Male flies were collected upon eclosion and aged for up to five days and then prepared for scanning electron microscopy using a standard protocol as previously described (M’Angale & Staveley, 2016a). For each genotype, at least 10 different eye images were analysed using the National Institutes of Health ImageJ software (Schneider, Rasband & Eliceiri, 2012) and biometric analysis performed using GraphPad Prism version 5.04. Disruption area of the eye was calculated as has been previously described (M’Angale & Staveley, 2012). Statistical comparisons comprised one-way analysis of variance (ANOVA) and Dunnett’s multiple comparison tests. P values less than 0.05 were considered significant.

Results

Drosophila BI-1 is closely related to the human homologue

The 245 amino acids Drosophila BI-1 isoform A has a 42% identity and 68% similarity to the 295 amino acids human isoform B. The Drosophila homologue has a BI-1 domain between amino acids 21–223 and the human version at 74–286 (Fig. 1) as determined by the NCBI CDD (Marchler-Bauer et al., 2015). An alignment of the protein sequences using Clustal Omega (Goujon et al., 2010; Sievers et al., 2011) shows high conservation of the BI-1-like domain in the organisms analysed (Fig. 1A). Six TM domains in both Drosophila and human BI-1 were identified using both ELM (Dinkel et al., 2014) and TMpred (Artimo et al., 2012). An analysis of membrane-spanning domains by Phyre2 (Kelley et al., 2015) reveals seven TM domains (Fig. 1B) in both sequences that are highly identical in the cytoplasmic to intracellular orientation. An inhibitor of apoptosis binding motif at amino acids 1–5, an ER retention motif at position 221–224, and binding motifs for Atg8 at position 212–224 and calmodulin at amino acids 226–242 were identified by ELM. The presence of NES was detected in both Drosophila and human BI-1 using NetNES (la Cour et al., 2004) and only in Drosophila using the ELM. The 3D modelling of these proteins using Phyre2 (Fig. 1C) shows a close similarity in the structure and the orientation of the TM domains with the image coloured by rainbow from the N → C terminus.

Drosophila BI-1 has six TM domains that are evolutionarily conserved.

Figure 1: Drosophila BI-1 has six TM domains that are evolutionarily conserved.

(A) The Drosophila, human, mouse, and mosquito homologues contain a BI-1 domain with the Drosophila version situated between amino acids 21–223 and the human version at 74–286 as determined by the NCBI Conserved Domain Database (Marchler-Bauer et al., 2015). They have six transmembrane-spanning regions as predicted by the Eukaryotic Linear Motif (ELM) (Dinkel et al., 2014) and TMpred (Artimo et al., 2012). It shows presence of a motif rich region, that contains a NES, ER retention motif, Atg8, and calmodulin binding motifs as identified using ELM. Sequence alignment was performed by Clustal Omega (Goujon et al., 2010; Sievers et al., 2011) and showed high conservation of the Bax inhibitor-1 domain (Hsap is Homo sapiens NP_001092046.1, Mmus is Mus musculus NP_001164506.1, Dmel is Drosophila melanogaster NP_648205.1, and Agam is Anopheles gambiae XP_315790.3). “*” indicate the residues that are identical, “:” indicate the conserved substitutions, “.” indicate the semi-conserved substitutions. Colours show the chemical nature of amino acids. Red is small hydrophobic (including aromatic), Blue is acidic, Magenta is basic, and Green is basic with hydroxyl or amine groups. (B) Additional protein analysis performed using Phyre2 (Kelley et al., 2015) revealed the presence of seven transmembrane domains in both the Drosophila and human sequences (Image cartoons are obtained from Phyre2). (C) The 3D modelling of the Drosophila and human proteins using Phyre2 shows a close similarity in the structure and the orientation of the transmembrane domains with the image coloured by rainbow from the N → C terminus (Image cartoons are obtained from Phyre2).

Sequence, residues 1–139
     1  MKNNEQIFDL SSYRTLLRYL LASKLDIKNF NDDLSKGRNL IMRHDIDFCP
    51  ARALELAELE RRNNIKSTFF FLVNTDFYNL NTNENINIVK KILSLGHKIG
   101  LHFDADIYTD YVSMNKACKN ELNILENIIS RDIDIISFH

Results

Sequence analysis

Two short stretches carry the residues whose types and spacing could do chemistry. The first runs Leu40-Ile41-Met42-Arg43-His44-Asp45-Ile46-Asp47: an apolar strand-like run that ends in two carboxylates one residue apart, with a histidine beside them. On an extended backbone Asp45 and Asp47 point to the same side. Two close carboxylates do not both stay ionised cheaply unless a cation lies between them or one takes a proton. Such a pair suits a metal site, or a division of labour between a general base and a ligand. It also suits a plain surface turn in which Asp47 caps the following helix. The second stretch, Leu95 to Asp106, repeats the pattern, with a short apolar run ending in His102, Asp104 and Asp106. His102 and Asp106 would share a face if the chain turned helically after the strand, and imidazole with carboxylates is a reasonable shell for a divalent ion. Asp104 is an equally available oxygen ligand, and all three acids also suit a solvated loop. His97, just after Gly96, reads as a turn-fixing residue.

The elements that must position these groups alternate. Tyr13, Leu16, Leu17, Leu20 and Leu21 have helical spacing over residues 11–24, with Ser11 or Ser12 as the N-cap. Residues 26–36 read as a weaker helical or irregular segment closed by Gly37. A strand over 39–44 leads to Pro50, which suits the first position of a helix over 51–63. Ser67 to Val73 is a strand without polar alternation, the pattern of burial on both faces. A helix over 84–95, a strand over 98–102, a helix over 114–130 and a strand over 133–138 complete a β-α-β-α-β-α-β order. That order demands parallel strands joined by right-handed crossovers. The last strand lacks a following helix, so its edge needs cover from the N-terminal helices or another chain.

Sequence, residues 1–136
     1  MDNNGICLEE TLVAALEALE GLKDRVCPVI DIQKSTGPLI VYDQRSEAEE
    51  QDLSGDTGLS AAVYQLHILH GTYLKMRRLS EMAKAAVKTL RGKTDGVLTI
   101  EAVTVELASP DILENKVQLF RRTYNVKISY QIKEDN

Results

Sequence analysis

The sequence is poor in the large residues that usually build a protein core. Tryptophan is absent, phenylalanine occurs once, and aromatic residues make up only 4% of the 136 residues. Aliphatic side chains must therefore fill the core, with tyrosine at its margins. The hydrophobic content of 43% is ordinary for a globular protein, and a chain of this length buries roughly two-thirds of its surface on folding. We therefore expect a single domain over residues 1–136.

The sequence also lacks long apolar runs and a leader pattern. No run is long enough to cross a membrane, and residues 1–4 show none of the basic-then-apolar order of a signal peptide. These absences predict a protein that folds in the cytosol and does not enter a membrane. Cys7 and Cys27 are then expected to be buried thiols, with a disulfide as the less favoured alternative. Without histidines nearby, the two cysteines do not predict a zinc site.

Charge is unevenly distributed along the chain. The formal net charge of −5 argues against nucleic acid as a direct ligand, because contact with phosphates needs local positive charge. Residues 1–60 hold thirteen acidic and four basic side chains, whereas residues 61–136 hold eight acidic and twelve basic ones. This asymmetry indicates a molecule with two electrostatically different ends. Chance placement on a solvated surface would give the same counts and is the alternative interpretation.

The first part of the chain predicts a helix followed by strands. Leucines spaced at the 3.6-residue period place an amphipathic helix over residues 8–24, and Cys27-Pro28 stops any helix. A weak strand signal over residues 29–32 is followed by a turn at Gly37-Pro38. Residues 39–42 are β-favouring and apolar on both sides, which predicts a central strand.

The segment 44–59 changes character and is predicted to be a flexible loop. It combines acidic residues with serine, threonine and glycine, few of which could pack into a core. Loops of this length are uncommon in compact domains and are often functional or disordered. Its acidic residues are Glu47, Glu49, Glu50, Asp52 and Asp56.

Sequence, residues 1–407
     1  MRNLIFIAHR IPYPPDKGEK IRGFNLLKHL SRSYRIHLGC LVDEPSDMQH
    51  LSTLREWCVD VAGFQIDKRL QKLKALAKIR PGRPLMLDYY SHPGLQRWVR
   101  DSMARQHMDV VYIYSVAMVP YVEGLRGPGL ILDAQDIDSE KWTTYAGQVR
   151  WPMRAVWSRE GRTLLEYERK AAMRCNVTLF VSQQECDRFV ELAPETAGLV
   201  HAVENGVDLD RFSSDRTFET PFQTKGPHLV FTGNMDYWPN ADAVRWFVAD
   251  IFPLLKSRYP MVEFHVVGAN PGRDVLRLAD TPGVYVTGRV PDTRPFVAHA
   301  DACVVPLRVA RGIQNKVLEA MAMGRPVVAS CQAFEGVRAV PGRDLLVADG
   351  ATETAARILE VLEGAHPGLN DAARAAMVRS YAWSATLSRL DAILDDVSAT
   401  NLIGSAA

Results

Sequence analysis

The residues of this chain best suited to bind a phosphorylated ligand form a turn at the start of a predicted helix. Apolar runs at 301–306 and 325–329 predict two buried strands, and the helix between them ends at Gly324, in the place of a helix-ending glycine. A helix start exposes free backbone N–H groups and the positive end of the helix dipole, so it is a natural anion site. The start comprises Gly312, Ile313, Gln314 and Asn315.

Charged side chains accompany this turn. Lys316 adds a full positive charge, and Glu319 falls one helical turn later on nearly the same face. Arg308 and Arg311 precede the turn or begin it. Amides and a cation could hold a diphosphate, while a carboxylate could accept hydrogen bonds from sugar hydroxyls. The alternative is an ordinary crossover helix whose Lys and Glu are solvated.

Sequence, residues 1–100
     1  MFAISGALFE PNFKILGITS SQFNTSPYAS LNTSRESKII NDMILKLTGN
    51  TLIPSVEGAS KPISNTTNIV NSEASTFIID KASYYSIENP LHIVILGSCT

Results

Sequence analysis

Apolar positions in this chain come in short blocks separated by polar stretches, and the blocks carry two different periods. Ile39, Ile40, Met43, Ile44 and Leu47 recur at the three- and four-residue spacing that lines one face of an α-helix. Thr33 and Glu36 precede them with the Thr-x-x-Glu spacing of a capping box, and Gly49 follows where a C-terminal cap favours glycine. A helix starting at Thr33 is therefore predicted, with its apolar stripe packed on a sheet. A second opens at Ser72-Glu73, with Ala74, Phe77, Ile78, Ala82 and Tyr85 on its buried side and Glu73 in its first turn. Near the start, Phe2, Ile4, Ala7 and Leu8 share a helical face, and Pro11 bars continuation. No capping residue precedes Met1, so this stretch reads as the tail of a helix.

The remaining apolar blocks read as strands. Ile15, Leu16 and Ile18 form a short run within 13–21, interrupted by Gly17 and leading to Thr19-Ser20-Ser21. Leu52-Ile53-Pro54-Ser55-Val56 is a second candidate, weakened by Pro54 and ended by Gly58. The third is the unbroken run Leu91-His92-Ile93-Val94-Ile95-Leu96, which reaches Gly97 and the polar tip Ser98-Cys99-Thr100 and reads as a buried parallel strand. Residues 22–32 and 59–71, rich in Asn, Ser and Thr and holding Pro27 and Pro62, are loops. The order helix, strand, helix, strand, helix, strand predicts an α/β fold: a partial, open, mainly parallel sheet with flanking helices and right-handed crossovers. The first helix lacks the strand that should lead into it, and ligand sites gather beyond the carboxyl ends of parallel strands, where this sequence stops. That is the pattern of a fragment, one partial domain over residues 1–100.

Knockdown of BI-1 in DA neurons decreases lifespan and severely impairs locomotor function

The expression of both BI-1-RNAi lines in the Ddc-Gal4-expressing neurons results in decreased lifespan and impaired locomotor function. The median lifespan for these flies was 54 days for BI-1-RNAi (1) and 46 days for BI-1-RNAi (2) when compared to 70 days for the controls that express the lacZ transgene as determined by the Log-rank (Mantel–Cox) test (Fig. 2A). When BI-1 is suppressed in these neurons, the flies develop an early onset impairment of locomotor ability as determined by the nonlinear fitting of the climbing curves (Fig. 2B). The 95% CI for the slope were 0.033–0.050 and 0.0175–0.0355 for the two RNAi lines respectively when compared to 0.052–0.070 for the lacZ control flies. These results appear to suggest a role for BI-1 in the protection of neurons in Drosophila.

Loss of BI-1 activity decreases survival and impairs climbing ability.

Figure 2: Loss of BI-1 activity decreases survival and impairs climbing ability.